When Japan puts a man on the moon by 2034, I bet we won't hear any banter from you guys then!

-5 ( +7 / -12 )

You learn more from failure than from success. As long as they stick with it they will become a competent launch company. Few have a complete success on the first attempt.

1 ( +5 / -4 )

Someone is commenting on North Korea, but they must be joking.

Japan's first satellite --- 1970

North Korea's first satellite --- 2023

North Korea is more than 50 years behind Japan.

And by the way, countries that have sent lander to the moon --- only 5 countries including Japan

Countries that brought back materials from asteroids --- only 2 countries including Japan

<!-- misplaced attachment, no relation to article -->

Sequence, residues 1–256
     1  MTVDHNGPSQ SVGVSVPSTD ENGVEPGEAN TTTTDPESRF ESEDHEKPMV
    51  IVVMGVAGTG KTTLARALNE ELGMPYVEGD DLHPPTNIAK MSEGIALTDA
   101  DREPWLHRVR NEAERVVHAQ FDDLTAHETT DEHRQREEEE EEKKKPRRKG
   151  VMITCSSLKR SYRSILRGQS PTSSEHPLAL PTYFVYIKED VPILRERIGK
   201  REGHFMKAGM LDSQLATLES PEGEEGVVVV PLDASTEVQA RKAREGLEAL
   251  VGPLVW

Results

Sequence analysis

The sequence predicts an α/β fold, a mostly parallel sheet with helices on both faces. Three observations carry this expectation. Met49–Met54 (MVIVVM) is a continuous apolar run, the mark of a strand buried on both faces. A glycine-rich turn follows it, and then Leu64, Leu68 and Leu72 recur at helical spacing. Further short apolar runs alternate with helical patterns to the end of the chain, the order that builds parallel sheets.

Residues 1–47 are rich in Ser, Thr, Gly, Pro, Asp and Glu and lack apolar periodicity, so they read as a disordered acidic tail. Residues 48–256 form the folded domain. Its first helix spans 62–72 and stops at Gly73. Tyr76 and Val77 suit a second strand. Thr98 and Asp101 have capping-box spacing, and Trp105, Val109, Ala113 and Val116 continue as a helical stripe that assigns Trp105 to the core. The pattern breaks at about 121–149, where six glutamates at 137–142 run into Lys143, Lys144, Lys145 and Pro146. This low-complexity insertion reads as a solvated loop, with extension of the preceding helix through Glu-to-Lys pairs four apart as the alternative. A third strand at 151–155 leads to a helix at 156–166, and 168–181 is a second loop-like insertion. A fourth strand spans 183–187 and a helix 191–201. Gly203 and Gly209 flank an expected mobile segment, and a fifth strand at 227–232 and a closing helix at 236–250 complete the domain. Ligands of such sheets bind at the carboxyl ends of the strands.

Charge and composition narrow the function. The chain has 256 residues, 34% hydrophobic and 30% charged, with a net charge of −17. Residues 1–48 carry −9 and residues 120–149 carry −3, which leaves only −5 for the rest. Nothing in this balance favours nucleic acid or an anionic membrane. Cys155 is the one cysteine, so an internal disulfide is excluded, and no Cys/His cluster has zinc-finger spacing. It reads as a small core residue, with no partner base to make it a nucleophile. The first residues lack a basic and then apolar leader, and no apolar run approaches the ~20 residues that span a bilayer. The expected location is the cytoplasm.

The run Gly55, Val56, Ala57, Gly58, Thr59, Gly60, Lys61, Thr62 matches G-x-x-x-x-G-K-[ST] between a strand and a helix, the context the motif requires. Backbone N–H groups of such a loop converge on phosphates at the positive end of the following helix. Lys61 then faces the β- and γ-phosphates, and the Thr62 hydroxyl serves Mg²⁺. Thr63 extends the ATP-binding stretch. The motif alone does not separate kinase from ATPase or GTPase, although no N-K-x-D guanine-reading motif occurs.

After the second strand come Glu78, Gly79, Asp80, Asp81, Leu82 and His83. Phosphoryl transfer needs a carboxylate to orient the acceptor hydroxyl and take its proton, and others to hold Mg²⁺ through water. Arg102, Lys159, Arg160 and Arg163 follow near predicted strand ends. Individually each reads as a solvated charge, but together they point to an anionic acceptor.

6 ( +11 / -5 )

@BlackLabel -

Just makes Elon look even more amazing.

You seem to do a lot of idolizing of (rich) men. There seems to be a theme here.

2 ( +7 / -5 )

And that’s why it’s called rocket science.

I seem to recall St. Elon having his fair share of fizz-booms as well.

Learn, recalibrate and try again.

4 ( +7 / -3 )

Back to the drawing board, better luck next time.

0 ( +4 / -4 )

Fighto! Today  04:39 pm JST

When Japan puts a man on the moon by 2034, I bet we won't hear any banter from you guys then!

Right. That'll be only 65 years after the U.S. did it. Way to keep up!

And why does it have to be a man, anyway? Sexist much?

-5 ( +6 / -11 )

Bit early for the fireworks season. Better luck next time.

3 ( +7 / -4 )

Really a great try Japan! Try again?

-9 ( +0 / -9 )

That Govt. satellite on board was a serious taxpayer funded asset. Were we the taxpayer insured? Probably not, so yes besides the eco damage, we all got screwed.

-1 ( +5 / -6 )